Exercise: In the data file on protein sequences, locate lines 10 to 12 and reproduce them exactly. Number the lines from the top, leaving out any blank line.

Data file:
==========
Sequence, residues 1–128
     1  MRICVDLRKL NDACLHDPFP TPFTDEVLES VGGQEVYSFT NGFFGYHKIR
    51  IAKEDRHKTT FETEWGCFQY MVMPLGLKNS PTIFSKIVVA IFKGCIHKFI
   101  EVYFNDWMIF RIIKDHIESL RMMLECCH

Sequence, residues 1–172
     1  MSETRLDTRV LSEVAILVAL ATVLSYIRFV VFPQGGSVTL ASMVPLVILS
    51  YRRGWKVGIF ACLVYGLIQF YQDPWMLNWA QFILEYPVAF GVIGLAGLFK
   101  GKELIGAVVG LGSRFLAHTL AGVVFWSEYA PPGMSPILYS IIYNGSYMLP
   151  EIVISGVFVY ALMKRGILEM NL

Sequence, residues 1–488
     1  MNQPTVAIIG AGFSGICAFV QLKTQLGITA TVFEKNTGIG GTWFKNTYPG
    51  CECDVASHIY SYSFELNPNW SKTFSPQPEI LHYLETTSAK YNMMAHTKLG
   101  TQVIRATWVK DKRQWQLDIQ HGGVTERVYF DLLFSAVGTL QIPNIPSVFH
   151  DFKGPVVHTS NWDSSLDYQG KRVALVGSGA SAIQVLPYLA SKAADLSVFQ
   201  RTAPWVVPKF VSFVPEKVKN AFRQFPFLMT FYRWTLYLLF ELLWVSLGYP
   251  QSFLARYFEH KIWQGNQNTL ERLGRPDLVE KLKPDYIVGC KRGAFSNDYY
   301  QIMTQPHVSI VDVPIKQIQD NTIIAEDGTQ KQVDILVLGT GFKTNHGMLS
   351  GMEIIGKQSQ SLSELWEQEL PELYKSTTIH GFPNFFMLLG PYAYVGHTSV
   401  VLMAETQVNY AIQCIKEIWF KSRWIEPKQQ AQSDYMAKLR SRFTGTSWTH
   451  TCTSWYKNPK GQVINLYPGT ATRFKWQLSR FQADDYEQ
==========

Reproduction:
Sequence, residues 1–488
     1  MNQPTVAIIG AGFSGICAFV QLKTQLGITA TVFEKNTGIG GTWFKNTYPG
    51  CECDVASHIY SYSFELNPNW SKTFSPQPEI LHYLETTSAK YNMMAHTKLG